A lucky choice of route down the hay field after a hay turning session took me past a small butterfly nectaring on some still flowering Lousewort, Pedicularis sylvatica. It was even there when I returned with the camera. My initial thought was that it was a fritillary of some sort – we’ve seen Marsh fritillaries here occasionally in the past, but subsequent images show that it was a female Small Pearl-bordered fritillary butterfly, Boloria selene. The first time I’ve ever seen one anywhere, and a real treat, since they’re a declining species across the UK.Click here for more on the life cycle and ecology of this pretty butterfly, which uses Common Dog-violets, Viola riviniana, or Marsh violets, Viola palustris, as a larval food source. We have Marsh violets growing in our lower wet meadow and after scattering seed, an abundance of Dog-violets in both the garden and our upper hay meadow close to where I found the butterfly. Shown below in flower in April 2019.
A continuing feature of the garden insect activity has been the lack of honeybees within much of the garden and meadows for most of May and June, whilst the scene has been dominated by vast numbers of bumblebees. The ranks of Phacelia tanacetifolia, which I’ve sown as a nectar source along strips of the vegetable beds for the honeybees, has been completely ignored by honeybees, even though it’s barely 15 yards from the original hive.
Yet it’s attracted tens if not hundreds of bumblebees per day, whatever the weather. So, it really seems to be the case that for the first half of the year at least, honeybees prefer tree and shrub blossom. This may not even change as we move past mid-summer and into the flowering period of brambles and rosebay willow herb. There are no large-scale arable plantings around here that might appeal to them, so the risk of on-site honeybee hives impacting negatively on our native bumbles and solitary bees, at least this year, seems to be slight.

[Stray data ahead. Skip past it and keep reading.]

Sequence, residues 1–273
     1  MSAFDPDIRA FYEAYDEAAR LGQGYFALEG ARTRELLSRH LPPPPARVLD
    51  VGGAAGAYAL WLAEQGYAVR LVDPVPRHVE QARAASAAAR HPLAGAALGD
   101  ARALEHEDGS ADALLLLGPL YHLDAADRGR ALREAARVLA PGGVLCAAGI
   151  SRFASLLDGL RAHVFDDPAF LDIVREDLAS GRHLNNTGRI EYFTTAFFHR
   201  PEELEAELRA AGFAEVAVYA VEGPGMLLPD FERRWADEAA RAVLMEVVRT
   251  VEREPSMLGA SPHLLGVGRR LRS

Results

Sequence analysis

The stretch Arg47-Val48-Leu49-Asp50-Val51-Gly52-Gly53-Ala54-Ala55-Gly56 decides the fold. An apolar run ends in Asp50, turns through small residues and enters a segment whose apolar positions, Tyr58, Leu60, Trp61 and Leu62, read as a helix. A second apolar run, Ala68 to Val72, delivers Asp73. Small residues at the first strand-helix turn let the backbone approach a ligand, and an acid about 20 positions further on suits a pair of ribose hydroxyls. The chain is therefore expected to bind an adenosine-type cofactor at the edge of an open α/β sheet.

One thing I’ve also noticed is that whilst many honey bees return and die outside the hive, or indeed die inside and are then pushed out by other bees clearing the dead bodies, many bumbles seem to die on flowers.
Is there a better place to be, during one’s last hours I wonder?
As energy and life drifts away.
Hooked on, with multiple talons, close to the nectar and pollen which in your brief life has sustained you.
And in decay, returning your body’s nutrients to support the very same plants and flowers for next year’s generation.
A real thrill this year has been finding native orchids popping up in many places around the house in the terrace garden and cobbled paths. 25 years on from starting with no plants at all, and just smashed concrete and shale in these areas, it’s amazing how diverse a mix of plants we have in this part of the garden.Because such a vibrant insect community is thriving here as well, this helps to ensure excellent flower fertilisation and subsequent seed fall, so increasingly, many areas of the garden are now becoming self-sustaining plant communities.